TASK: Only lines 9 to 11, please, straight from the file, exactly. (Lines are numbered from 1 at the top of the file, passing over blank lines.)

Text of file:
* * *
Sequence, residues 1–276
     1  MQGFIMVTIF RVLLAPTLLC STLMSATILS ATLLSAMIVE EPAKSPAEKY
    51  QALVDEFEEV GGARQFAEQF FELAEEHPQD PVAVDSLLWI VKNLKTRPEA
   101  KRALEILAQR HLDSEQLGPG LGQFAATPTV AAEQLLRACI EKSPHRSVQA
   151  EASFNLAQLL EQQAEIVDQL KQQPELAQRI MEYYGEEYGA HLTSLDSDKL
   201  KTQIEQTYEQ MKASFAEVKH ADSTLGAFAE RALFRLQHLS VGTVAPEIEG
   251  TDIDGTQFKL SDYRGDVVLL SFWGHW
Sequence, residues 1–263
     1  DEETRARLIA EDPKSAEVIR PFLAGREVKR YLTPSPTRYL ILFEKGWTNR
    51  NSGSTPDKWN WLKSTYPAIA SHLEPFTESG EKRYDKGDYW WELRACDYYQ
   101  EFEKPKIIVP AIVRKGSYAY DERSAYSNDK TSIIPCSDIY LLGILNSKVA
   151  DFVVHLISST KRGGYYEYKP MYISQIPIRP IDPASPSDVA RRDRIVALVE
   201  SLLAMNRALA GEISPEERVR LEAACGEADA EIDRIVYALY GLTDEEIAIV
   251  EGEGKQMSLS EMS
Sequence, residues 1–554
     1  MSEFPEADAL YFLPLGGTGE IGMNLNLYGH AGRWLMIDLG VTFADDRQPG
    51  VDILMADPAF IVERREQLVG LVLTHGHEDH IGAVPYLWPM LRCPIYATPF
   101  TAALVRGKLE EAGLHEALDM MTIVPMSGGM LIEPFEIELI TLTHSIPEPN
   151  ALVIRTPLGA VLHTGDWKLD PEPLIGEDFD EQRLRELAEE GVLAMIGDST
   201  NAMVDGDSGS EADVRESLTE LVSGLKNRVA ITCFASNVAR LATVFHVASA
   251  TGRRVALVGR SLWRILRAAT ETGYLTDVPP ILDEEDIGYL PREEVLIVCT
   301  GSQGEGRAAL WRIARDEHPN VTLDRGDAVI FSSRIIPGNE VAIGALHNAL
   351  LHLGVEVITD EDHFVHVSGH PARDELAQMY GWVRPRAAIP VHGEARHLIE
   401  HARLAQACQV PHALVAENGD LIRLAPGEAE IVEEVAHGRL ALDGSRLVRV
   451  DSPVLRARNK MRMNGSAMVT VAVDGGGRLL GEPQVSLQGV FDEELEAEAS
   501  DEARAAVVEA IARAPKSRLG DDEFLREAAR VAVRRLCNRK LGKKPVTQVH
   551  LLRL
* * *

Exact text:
     1  DEETRARLIA EDPKSAEVIR PFLAGREVKR YLTPSPTRYL ILFEKGWTNR
    51  NSGSTPDKWN WLKSTYPAIA SHLEPFTESG EKRYDKGDYW WELRACDYYQ
   101  EFEKPKIIVP AIVRKGSYAY DERSAYSNDK TSIIPCSDIY LLGILNSKVA